Garbage Try To Get “Beautiful” On New Release

· Oct 17, 2001 Tweet

Grade: B

It’s been a while since the music world has heard from the pride of Madison, our hometown heroes,Garbage. Their last release, Version 2.0, was marked by the hit track “When I Grow Up,” which was featured in Adam Sandler’s last good film, Big Daddy, and the rough rocker “I Think I’m Paranoid.” Their newest release, beautifulgarbage, pulls out every studio trick in the book to make a layered and new sound for the band. The results vary. The first seven songs of the album are very strong, but the second half falters and blends together in a generic mish mash of soft tempo tracks that sound more like filler than a genuine attempt at making a solid record from start to finish.

What beautifulgarbage proves is that our local heroes have talent and an incredible flexibility when it comes to what they can and can’t do.

There are some sonic surprises on beautifulgarbage, and even though they catch the listener off guard, they really work. The core of the band’s talent is Scottish sex symbol Shirley Manson, with her great vocals and stage presence.

Then there’s legendary producer/drummer Butch Vig. Vig could never do another thing again in his life, and no one would forget that he was behind the control panels of one of the most important records of all time, Nirvana’s Nevermind. It’s still hard to believe that Vig recorded Cobain’s down-tuned version of “Polly” in Madison at Smart Studios.

What works with beautifulgarbage are the first seven songs on the album. They rock, they roll, they mellow out–they do a little bit of everything. The tracks show that the band wasn’t just sleeping off the past three years.

“Shut Your Mouth” is a simple track with plenty of bells and whistles and a great chorus of “shut your mouth/try not to panic/just shut your mouth/if you can do it”. The track is a straight-ahead classic Garbage rocker that gets the album off to a good start. Look for this track to be the first song on the set list during any future tour.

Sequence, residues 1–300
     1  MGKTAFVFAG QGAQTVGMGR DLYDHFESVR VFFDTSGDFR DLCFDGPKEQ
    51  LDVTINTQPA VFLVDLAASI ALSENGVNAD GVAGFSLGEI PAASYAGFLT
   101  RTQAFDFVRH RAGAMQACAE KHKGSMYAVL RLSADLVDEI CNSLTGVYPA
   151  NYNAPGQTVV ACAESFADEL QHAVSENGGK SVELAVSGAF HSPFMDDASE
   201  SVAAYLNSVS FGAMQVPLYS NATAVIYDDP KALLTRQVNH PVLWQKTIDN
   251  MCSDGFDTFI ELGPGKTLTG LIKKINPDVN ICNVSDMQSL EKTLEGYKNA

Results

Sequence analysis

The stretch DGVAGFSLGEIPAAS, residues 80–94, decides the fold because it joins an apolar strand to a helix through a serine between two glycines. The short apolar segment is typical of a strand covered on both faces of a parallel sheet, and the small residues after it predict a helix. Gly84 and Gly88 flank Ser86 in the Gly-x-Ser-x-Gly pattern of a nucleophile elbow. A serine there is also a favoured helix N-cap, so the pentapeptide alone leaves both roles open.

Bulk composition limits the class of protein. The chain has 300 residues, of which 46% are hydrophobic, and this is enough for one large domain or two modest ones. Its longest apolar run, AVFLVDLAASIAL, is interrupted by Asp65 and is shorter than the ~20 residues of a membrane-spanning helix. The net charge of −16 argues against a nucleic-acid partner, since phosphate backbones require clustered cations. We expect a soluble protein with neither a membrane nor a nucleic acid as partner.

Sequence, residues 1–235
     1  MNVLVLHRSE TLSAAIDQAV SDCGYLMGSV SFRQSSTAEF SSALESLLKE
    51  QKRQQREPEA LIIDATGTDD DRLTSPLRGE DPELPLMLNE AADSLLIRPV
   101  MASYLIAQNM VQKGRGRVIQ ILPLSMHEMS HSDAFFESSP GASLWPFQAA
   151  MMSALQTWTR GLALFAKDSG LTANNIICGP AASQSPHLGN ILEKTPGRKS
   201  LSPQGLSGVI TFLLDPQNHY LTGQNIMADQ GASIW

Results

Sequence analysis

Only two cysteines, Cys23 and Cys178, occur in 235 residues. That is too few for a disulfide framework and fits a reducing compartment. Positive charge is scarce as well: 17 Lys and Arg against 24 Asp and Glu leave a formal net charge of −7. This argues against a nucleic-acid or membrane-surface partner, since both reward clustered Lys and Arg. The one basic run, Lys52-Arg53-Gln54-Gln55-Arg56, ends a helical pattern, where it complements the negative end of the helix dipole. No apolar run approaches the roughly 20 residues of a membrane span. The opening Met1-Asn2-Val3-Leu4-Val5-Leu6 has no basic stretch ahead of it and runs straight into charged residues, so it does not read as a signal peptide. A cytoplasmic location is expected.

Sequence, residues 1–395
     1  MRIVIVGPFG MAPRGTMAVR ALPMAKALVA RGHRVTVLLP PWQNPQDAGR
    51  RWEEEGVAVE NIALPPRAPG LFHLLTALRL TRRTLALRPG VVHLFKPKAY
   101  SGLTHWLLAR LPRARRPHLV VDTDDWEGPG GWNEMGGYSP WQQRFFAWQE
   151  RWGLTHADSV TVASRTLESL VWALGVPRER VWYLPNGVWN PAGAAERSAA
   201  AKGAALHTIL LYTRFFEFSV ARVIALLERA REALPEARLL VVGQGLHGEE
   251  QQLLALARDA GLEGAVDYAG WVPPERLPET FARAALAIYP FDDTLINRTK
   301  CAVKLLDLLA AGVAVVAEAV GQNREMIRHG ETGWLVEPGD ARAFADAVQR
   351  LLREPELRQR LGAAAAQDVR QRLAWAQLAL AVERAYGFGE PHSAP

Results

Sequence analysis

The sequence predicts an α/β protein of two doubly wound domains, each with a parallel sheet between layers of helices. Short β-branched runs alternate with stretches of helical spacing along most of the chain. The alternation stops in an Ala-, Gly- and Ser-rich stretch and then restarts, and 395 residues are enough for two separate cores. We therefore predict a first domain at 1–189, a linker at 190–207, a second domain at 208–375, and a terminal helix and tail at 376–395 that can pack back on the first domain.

Where the album catches you off guard is with the track “Androgyny.” You double check the CD case to make sure that you didn’t pick up a Destiny’s Child CD, because of the strong R&B vibe that the song gives off. The all-too-familiar acoustic guitar over digital samples that marks most TLC-influenced R&B these days has its prints all over the verses of the track. The chorus is much more rockin’, and it balances the initial shock that occurs upon first hearing the song. Despite the somewhat derivative nature of the verses, the track works and exemplifies the versatility of Garbage.

“Can’t Cry These Tears Anymore” is another track that totally catches the listener off guard, but, oddly, it works in a Bjork sort of way. The upbeat, show-tune vibe that the song gives off works well, because it gives Manson a chance to show off her soothing vocals in a way that the straight-ahead rock tracks don’t give her a chance to.

Not to worry, the album gets back to the rock with “Til The Day I Die,” which has the energy and tone that got classic Garbage tracks like “Only Happy When It Rains” and “Stupid Girl” noticed. The chorus of “I would love you til the day that I die” flows over multi-textured guitar layers and a driving, simple drumbeat.
If the simple things are what make Garbage great, then “Silence Is Golden” is easily the best track on the album. This track takes the gold in the latest installment of Garbage music. Opening with a country-esque riff, the track leads into a crashing four-chord chorus with a watery guitar note underneath, while Manson sings “silence is golden/I have been broken/safe in my own skin/so nobody wins.” Rather than limiting the track, “Silence Is Golden” goes through a number of bridges and choruses that keep the structure of the song from being too simple. “Silence Is Golden” is reason enough to check out this latest release.

Garbage have returned on their own terms. The true beauty of beautifulgarbage exists in its most simple, straight-ahead moments. Even though the latter half of the album isn’t as strong as the first half, it is still a good listen and has its compelling moments. Hopefully Garbage will do some warm-up shows in town so that they can give Madison a taste of their beautiful new sounds before they take them around the world on their next tour.


This article was published Oct 17, 2001 at 12:00 am and last updated Oct 17, 2001 at 12:00 am


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